This is where I should mention that one should never approach one of these beautiful motors as you would a domestic V8. The tolerances are extremely critical and there are quite a few specialty tools required to perform a rebuild. I started collecting all of the tools and parts required to complete the job start to finish. Thank you Pelican Parts. Their complete rebuild kit had everything I required with the exception of a couple of fluids they could not ship over the border and the elusive cam holding tool which is a must-have. I want to give a big shout out to the generosity of John Landry who answered my cry for help on a forum one day by offering to lend me the tool! I love the Porsche community; that tool was indispensable and without John I would have been seriously stuck. The following weekend Dan and I mounted the motor on the correct engine stand and went to work tearing it down.
As it was in great shape and pressures were right on the money, I elected to remove the fuel injection as a single unit rather than breaking it down. I sent the heads over to the famous Robert Gross in Bolton, Ontario for a complete re-build. They came back within a couple of weeks and were nothing less than works of art. By the end of that first weekend we had the entire motor apart, bagged, tagged, inventoried and ready for cleaning. The cleaning process was long and arduous, but worth every minute.
Interestingly, I found an article online regarding an often overlooked issue with the piston squirters in the 3.2 motor. Over time, these become blocked, resulting in less than desirable cooling directly on the pistons.Blocked squirters accelerate engine wear as well as engine temps, therefore reducing power and life span. With the case split, cleaning these journals is actually quite easy with a basic rubber hose, brake clean and a pressurized air line.
Within a couple of weeks I had all of the parts, tools, gleaming case halves, heads, cams, intermediate shaft, oil pump and crank shaft ready for re-assembly. It is so important to note that measuring and checking tolerances multiple times is crucial! These motors are like a fine timepiece. Everything fits to an exacting standard and post assembly “feel” is so important. For instance, if you re-install the crank or cams or the intermediate shaft and oil pump and it does not feel smooth on the ends of your finger tips when you give them a turn, the odds are they are not “right”. Don’t take a shortcut. Disassemble, re-check the tolerances and try again. If it’s still not right, get help. Nothing will wreck a great rebuild faster than an ill-fitting set of bearings.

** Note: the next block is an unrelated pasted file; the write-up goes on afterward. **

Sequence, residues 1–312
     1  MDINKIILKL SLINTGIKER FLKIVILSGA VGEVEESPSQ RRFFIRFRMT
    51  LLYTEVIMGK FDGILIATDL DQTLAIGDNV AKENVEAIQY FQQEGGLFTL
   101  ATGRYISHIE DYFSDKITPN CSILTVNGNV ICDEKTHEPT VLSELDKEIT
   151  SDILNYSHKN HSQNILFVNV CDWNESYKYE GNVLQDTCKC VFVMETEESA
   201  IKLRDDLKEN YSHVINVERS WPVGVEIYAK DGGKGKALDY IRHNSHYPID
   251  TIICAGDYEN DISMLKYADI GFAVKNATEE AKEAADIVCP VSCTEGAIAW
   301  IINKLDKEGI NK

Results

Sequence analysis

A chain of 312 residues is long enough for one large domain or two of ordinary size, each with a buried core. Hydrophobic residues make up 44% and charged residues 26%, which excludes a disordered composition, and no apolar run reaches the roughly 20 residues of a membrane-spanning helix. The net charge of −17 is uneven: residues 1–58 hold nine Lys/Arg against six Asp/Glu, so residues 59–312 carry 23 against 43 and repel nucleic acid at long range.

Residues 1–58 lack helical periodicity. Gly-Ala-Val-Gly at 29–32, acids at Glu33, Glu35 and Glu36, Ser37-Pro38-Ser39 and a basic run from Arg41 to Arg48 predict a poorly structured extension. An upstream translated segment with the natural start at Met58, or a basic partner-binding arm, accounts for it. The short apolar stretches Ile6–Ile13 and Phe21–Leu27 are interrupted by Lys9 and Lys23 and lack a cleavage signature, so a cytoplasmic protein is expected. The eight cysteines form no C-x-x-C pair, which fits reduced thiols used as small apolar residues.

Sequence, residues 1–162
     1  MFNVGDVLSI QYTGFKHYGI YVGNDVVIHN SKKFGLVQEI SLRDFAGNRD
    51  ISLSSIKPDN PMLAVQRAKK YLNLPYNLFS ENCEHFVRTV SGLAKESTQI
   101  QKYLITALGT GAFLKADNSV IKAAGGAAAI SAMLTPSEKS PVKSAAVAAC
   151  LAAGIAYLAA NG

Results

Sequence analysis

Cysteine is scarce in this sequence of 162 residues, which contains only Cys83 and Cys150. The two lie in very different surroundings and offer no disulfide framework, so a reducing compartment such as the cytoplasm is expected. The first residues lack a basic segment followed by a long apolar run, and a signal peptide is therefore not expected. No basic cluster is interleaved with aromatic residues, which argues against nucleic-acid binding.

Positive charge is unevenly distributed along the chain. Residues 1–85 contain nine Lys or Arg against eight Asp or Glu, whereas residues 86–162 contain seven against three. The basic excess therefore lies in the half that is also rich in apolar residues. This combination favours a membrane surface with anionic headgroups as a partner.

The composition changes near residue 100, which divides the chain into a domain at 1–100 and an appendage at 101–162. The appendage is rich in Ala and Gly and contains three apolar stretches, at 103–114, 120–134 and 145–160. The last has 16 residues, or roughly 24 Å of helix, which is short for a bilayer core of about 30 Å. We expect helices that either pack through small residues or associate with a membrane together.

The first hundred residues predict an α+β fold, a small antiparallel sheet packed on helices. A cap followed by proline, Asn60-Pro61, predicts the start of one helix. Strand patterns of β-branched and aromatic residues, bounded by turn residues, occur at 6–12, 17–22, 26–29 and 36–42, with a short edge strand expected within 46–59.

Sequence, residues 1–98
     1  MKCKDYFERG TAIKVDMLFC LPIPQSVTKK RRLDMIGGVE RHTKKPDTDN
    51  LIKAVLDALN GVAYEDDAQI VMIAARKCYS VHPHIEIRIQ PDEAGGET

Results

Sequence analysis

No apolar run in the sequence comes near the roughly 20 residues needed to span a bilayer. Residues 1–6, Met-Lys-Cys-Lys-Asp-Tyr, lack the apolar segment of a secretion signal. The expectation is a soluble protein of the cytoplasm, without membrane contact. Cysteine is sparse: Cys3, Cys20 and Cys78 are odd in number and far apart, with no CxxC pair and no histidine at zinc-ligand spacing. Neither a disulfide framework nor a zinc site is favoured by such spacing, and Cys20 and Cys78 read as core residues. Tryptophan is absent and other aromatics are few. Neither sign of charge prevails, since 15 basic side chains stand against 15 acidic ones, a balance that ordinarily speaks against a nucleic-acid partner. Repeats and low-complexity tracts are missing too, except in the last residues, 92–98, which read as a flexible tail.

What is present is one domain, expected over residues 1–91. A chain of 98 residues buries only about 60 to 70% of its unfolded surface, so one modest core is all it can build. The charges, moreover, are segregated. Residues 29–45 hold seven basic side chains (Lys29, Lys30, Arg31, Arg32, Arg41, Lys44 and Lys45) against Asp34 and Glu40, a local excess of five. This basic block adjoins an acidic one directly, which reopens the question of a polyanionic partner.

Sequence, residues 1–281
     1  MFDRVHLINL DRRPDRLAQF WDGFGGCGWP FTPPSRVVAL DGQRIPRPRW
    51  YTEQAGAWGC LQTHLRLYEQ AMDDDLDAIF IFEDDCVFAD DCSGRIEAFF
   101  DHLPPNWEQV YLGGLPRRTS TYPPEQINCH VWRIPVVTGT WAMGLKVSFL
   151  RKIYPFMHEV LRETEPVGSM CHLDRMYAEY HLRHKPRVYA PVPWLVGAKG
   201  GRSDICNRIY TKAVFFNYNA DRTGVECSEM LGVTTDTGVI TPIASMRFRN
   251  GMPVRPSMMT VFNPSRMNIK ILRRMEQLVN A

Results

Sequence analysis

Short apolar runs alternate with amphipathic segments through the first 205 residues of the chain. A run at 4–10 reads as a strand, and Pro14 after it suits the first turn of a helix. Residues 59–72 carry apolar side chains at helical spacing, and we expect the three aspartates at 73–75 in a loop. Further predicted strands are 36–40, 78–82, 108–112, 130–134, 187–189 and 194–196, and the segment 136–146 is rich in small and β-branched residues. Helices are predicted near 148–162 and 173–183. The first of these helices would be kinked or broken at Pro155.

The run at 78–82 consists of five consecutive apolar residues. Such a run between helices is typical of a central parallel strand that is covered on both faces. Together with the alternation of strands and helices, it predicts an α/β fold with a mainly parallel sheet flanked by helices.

In my case, all was good so I moved to the next step. Once the “Long Block” was back together it was time to set the cam timing. If you are new to this stuff, do not attempt this step on your own. Again, tolerances are way too critical, and I have to thank Robert Gross for helping me. I also decided that as it was out of the car, the transmission deserved attention. So, after a good cleaning, it too was sent off to Robert for a rebuild.
By early April, the motor and drivetrain were back together and with the help of Dan, Robert, and my pals Don and Radik, it was installed and ready for the first turn of the key. With Robert’s head buried in the engine bay ready to feather the throttle, I turned the key and she came to life immediately! She belched and puked and blew smoke and then quit. My heart sank. Another turn of the key would prove to be just what was needed. She fired right back up and after about 30 seconds of coaching settled into a wonderful purr right at the prescribed 880-900 RPM range. Oh glorious day!
After a single teething issue—I had neglected to gap the speed sensor which dictates the max RPM for the rev limiter—I am happy to report she is run-in, re-tuned and running better than ever. The reality is that I now have a beautiful ’86 911 with a brand new drivetrain, suspension, all of the trimmings and the gusto to prove it. I love driving this car!
The engine project took around 60 hours to complete. I learned an immense amount about the process, the Porschesphere and Porsche people. I look forward eagerly to my next one. All it takes is patience, the will to work through the process and a love of the brand.
If I can do it, anyone can!